Funeral flowers a blooming business
Business is blooming for florists in the funeral business.
The amount of people dying grew from more than 25,000 in 1973 to 31,000 in 2016, according to Statistics NZ.
Kelly Sutton has specialised in funeral flowers for the last 16 of her 32 years as a Wellington florist.
The owner of Kelly’s Flowers says people are increasingly looking beyond the classic white lilies for their loved one’s respective send-offs.
‘‘Vegetable casket sprays are one of my specialties. Generally, if they didn’t like flowers and had a vegetable garden, we’ll make a spray with vegetables like carrots, broccoli, parsnip, silverbeet and swedes.
‘‘Crosses. Heart-shaped wreaths. Did a couple of anchors last week for seamen.
‘‘I’ve made sprays with golf clubs coming out. Tui cans. Cricket bats. Rugby balls.’’
Carnations are hugely in vogue, especially with the older generation.
But time is short. Wedding florists might spend years planning up to the big day. Funeral florists get about four days - less if there’s been a public holiday.
‘‘We’ve got a very limited time frame for funerals to get it right, to get the flowers perfect and open fully.
‘‘At the moment we’ve got all the springs coming through - beautiful irises and freesias and daffodils.’’
United Flower Growers spokeswoman Rebecca Jones said flower trends tended to flow in a circular fashion so designs that were prevalent in the 80s or 90s are seeing a resurgence.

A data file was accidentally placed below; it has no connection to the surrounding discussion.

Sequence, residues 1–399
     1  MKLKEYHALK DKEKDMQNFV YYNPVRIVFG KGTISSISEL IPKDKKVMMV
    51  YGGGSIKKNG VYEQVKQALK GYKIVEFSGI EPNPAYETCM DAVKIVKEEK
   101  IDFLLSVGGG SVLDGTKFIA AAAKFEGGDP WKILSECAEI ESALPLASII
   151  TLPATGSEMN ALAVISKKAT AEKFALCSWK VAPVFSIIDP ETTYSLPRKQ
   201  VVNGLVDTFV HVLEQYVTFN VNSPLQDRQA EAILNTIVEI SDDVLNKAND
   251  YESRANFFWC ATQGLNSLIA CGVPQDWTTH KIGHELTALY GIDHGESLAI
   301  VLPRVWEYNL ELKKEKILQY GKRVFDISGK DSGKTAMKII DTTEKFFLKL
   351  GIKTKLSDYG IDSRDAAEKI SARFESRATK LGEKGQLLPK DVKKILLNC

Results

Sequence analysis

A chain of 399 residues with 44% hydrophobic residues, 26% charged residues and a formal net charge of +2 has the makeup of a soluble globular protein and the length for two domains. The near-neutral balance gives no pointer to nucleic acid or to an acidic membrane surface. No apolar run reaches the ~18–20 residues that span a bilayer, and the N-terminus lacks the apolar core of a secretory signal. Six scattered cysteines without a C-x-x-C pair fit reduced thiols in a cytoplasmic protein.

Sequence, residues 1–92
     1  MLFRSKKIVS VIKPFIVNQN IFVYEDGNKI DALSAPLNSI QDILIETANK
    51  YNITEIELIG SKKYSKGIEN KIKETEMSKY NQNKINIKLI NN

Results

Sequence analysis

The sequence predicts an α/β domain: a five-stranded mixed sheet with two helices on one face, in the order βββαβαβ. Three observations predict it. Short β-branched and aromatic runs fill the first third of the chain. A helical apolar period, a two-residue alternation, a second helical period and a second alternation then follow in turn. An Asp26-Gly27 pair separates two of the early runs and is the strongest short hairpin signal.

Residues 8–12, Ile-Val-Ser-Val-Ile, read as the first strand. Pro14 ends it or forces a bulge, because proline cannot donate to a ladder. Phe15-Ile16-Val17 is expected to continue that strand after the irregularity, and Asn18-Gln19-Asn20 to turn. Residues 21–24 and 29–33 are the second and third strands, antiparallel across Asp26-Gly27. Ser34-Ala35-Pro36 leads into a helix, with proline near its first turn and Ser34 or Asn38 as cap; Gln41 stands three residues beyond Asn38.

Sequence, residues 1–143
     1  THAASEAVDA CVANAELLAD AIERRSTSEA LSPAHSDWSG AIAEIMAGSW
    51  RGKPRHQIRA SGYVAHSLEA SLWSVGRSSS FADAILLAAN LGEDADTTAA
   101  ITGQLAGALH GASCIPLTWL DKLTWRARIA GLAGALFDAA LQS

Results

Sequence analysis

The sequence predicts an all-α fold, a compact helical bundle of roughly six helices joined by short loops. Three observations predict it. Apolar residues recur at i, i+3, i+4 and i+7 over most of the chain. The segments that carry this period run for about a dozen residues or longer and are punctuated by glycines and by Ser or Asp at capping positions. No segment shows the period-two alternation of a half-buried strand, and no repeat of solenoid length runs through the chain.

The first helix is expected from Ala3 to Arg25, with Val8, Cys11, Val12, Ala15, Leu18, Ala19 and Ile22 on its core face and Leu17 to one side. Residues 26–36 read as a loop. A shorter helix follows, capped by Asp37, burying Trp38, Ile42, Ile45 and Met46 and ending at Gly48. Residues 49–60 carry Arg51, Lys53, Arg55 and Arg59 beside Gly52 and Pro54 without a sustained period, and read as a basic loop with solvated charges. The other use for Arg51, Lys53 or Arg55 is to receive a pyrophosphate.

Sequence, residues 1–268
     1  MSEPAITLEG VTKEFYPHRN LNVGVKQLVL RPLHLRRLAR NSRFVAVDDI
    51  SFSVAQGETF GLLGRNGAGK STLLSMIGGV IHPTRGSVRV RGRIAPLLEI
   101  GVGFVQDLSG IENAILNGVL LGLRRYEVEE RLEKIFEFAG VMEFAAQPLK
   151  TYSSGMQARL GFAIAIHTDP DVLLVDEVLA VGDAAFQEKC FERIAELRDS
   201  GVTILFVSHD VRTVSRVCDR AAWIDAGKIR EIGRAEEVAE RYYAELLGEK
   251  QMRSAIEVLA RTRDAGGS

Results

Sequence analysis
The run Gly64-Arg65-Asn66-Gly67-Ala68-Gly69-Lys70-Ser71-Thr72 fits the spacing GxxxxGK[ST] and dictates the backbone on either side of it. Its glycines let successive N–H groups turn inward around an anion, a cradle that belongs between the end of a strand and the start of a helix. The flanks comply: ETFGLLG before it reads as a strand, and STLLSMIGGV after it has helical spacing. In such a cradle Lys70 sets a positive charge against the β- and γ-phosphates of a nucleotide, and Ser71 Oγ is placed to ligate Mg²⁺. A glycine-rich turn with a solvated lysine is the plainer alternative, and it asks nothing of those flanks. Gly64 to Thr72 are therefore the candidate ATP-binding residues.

‘‘A great example of this is the current fascination with dried flower arrangements, using media that would normally be thrown away to create something beautiful.’’
Depending on the season there are always specific blooms on trend.
In autumn, spring and summer, New Zealanders have great access to a wide range of flowers when growing conditions are at their best.
In winter some varieties grow better than others. Cymbidium orchids are at their peak during the winter months but both roses and lilies tend to slow down in supply.
‘‘Many local growers are working toward changing their growing methodology to provide year-round supply but this takes a lot of planning and investment for any kind of success,’’ Jones said.
‘‘Growers need to invest in artificial light sources, environmentally friendly heating, and larger covered growing spaces to increase their season for what flowers and foliage they produce.’’
Gee and Hickton funeral director Gavin Murphy said his team normally chatted with family about what they would like then order the flowers. While there were more ‘‘arty’’ arrangements these days, the average cost seemed to have flattened over the past decade – anywhere from $80 to $400 depending on the size.
‘‘[Flowers add a] nice softening of the casket. A nice scent as if from a garden.’’
Kelly Sutton from Kelly’s Flowers outside her workspace in Johnsonville.
Anchors are popular for sailors, says Kelly Sutton.